The boot is big, too, with 580 litres of carrying space. In the real world this means several big suitcases, golf clubs and an electric trolley with no issues. You can even stow a pushchair with room to spare. That said, a BMW X5 has more boot space as does a Jaguar F-Pace. 

Child seats that fit a Maserati Levante (2016)

Our unique Car Seat Chooser shows you which child car seats will fit this car and which seat positions that they will fit, so that you don't have to check every car seat manufacturer's website for compatibility.

Which car seat will suit you?

What's the Maserati Levante (2016) like to drive?

When the Levante was initially launched just one engine was available - a 3.0-litre twin-turbo diesel. It's the same engine used in the Ghibli and the Quattroporte and has identical power figures with 275PS. That's slightly more than a Porsche Cayenne diesel and the Levante also has slightly more torque with 600Nm.

The Levante is slightly quicker than the Cayenne from 0-62mph, taking 6.9 seconds, but it's the in-gear pulling power that makes the Maserati so strong on the move. All that torque means it's rapid when you want to overtake a slower vehicle or are pulling onto a fast dual carriageway from a short slip road.

Economy is pretty good with a claimed 39.2mpg, although in everyday driving you're more likely to be seeing a figure in the late 20s. But even then, with an 80-litre fuel tank, you won't have to stop for fuel too often.

The engine isn't exactly quiet - we'd best describe it as 'characterful' - but the deep rumble does add to the feel that this is a sporty SUV that's designed to be noticed. The throttle response is better than that of the Ghibli and the Levante is keener to respond when you want acceleration.

Put it in Sport model (there are two sport modes in fact) and the engine note is even more pronounced, plus the exhaust is louder, although accelerate hard and you're met with a not especially nice suction noise rather.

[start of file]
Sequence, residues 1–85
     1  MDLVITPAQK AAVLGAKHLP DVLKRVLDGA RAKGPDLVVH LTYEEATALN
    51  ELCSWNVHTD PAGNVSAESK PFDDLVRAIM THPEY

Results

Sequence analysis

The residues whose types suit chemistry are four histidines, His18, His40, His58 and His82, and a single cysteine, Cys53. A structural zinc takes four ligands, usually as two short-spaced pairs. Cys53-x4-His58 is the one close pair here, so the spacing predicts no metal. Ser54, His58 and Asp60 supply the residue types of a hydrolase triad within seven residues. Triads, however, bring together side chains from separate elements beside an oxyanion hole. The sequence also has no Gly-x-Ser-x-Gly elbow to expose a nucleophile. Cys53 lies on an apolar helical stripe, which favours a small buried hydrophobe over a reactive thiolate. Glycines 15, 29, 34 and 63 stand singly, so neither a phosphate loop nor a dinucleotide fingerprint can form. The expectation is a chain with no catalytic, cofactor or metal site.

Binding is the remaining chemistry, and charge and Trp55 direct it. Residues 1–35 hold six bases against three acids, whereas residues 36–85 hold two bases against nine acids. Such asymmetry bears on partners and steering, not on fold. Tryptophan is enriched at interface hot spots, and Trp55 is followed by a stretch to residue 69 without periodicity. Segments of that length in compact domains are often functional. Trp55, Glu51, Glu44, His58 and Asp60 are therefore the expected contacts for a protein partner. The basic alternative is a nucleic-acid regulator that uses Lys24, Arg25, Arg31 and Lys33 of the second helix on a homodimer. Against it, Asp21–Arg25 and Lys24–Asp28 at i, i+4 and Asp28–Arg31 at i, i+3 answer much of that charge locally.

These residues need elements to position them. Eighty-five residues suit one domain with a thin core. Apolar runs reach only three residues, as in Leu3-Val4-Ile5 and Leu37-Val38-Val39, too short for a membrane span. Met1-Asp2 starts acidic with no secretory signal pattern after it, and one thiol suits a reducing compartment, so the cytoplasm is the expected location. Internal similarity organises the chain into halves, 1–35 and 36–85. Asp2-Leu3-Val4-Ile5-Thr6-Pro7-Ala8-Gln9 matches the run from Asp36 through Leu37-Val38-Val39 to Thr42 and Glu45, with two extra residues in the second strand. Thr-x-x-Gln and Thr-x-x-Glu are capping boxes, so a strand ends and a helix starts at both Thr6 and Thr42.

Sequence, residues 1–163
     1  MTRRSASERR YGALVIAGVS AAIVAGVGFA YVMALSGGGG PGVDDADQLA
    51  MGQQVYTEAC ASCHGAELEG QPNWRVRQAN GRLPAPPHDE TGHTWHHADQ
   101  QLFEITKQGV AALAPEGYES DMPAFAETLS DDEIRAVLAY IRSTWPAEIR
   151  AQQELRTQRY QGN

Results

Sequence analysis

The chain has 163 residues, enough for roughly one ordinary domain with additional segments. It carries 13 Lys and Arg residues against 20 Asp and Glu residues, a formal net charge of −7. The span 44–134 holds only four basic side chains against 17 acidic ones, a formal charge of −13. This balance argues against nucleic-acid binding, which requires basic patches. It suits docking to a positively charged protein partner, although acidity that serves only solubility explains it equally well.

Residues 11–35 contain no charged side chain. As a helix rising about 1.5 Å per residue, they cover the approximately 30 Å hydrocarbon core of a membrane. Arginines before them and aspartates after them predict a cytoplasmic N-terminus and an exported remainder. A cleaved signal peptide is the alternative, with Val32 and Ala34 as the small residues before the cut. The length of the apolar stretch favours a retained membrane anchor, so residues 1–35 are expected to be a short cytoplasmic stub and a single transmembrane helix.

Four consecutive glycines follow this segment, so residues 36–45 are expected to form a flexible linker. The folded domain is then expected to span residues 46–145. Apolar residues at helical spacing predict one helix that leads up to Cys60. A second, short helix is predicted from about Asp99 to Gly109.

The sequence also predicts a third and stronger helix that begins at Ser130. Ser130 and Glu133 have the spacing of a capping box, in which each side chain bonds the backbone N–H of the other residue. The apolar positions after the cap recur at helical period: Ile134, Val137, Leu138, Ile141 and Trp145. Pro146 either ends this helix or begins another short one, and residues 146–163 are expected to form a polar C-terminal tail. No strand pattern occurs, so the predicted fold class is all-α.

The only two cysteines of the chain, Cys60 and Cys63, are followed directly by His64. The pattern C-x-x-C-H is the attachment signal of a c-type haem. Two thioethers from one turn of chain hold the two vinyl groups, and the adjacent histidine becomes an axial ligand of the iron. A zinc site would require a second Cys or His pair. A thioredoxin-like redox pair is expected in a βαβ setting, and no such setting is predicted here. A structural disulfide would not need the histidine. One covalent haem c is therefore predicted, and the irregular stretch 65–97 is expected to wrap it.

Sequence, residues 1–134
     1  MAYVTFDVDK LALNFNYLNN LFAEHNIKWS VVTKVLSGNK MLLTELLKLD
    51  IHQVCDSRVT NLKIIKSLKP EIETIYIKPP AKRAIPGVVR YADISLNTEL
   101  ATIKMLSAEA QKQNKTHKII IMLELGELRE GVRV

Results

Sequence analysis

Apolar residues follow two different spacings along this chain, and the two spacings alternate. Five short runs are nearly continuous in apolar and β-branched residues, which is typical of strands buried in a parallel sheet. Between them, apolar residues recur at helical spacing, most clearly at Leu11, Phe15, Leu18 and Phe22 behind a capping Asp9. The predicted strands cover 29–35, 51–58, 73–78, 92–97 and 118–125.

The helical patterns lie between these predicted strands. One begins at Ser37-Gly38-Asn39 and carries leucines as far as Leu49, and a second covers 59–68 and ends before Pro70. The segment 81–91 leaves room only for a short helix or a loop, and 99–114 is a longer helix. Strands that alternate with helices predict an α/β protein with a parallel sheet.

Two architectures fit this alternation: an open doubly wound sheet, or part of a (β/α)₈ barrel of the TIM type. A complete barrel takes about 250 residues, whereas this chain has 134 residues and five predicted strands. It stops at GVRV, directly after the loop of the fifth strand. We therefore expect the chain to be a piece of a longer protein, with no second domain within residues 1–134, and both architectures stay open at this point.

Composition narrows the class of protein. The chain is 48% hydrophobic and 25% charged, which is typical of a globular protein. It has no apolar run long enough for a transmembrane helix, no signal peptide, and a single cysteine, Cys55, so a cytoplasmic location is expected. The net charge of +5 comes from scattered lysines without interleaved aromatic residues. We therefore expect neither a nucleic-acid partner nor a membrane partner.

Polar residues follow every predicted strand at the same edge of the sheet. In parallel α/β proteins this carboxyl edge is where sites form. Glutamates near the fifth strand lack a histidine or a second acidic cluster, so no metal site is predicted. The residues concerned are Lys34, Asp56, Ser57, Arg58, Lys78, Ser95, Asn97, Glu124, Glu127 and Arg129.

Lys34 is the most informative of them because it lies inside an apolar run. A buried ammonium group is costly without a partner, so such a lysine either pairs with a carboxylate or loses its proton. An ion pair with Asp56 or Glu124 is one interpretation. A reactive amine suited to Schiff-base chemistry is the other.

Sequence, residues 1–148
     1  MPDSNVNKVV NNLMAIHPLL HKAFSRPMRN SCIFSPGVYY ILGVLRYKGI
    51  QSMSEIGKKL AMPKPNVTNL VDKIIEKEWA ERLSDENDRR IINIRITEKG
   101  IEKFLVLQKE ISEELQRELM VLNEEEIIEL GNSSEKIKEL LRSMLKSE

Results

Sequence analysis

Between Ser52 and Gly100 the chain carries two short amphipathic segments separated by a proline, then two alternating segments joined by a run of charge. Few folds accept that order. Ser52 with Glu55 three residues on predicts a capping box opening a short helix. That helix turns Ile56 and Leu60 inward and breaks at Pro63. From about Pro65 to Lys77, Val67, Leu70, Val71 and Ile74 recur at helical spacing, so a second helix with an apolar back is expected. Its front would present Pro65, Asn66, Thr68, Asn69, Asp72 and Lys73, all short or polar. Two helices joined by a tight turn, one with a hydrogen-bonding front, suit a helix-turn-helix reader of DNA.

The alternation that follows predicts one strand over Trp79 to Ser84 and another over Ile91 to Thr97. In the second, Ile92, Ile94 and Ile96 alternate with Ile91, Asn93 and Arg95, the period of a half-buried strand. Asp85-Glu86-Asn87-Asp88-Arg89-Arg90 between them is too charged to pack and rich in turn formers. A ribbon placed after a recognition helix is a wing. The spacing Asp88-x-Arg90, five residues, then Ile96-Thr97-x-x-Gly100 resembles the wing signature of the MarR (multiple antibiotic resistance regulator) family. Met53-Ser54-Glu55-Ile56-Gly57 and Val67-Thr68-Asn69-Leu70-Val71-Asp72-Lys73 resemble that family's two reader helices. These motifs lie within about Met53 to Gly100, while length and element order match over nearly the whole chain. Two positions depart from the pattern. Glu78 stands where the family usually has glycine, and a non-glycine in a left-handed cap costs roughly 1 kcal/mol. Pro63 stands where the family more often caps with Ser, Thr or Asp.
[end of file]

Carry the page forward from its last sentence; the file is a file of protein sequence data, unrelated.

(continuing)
While there are no issues with performance, selecting a gear in the Levante isn't that great. The gear lever has quite a clunky operation rather than the slickness of something like a BMW. It means that it's easy to get P when you're going for R, resulting in embarrassing stationary revving rather than parking...

When you're on the move, that's not a concern of course and the Levante's eight-speed gearbox works superbly well. Like the Ghibli and Quattroporte, it also has a manual mode where you can use the steering-wheel mounted paddles to change gear.

They're fixed to the column rather than the wheel, which makes them a little awkward to use. It also takes quite a pull to change gear rather than the minimal action of paddles on cars like the Audi Q7. But this is a personal preference thing and most people rarely use them in everyday driving.

Where the Levante excels is with its ride quality. Thanks to the air suspension, it's incredibly smooth and comfortable, despite the big alloy wheels. The ride height adjusts depending on your speed, plus you can lower it to an access height when parked. Even over poor road surfaces or motorway expansion joints, it continues to ride well.

There are, however, a few small issues that only become apparent if you start to drive the Levante with a bit of gusto, which we're sure is the point (this being a Maserati). The brakes seem strong initially, but lack bite when you really need to engage them, for example approaching a tight bend at speed.

Then there's the steering. It's heavy and meaty at low speeds but strangely lacks feel when you're negotiating a corner. That's not to say the Levante doesn't handle well. Quite the opposite, in fact - it's one of the best SUVs around through corners with minimal body roll and huge reserves of grip. Good enough to rival even the Porsche Cayenne.

Engine MPG 0-62 CO2
3.0 23–24 mpg 6.0 s 278 g/km
3.0 D 34–39 mpg 6.9 s 189–190 g/km
3.0 S 23–24 mpg 5.2 s 253 g/km
3.0 SD 23 mpg 5.2 s 282 g/km
3.0 V6 39 mpg - 189 g/km
3.8 - - 319 g/km

What have we been asked about the Maserati Levante (2016)?

Every day we're asked hundreds of questions from car buyers and owners through Ask Honest John. Our team of experts, including the nation's favourite motoring agony uncle - Honest John himself - answer queries and conudrums ranging from what car to buy to how to care for it as an owner. If you could do with a spot of friendly advice before buying you're next car, get in touch and we'll do what we can to help.

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Do Maserati still rust readily?

I'm thinking of buying a Maserati Levante. I live a mile from the sea. Am I likely to be letting myself in for a lot of rust-related grief in a few years time? I was disappointed to learn that the manufacturer still only provides a three year corrosion warranty.
The rust problem came from the deal between Fiat and the Russians who paid for the Fiat 124 production line with sub-standard Russian steel that contained a high percentage of scrap. That was in about 1970. Since that poor quality steel got used up, Italian cars have been no better and no worse than anything else. The worst ruster in recent years was the Mercedes-Benz W210 E-Class, but that was mainly due to poor paint preparation.
Answered by Honest John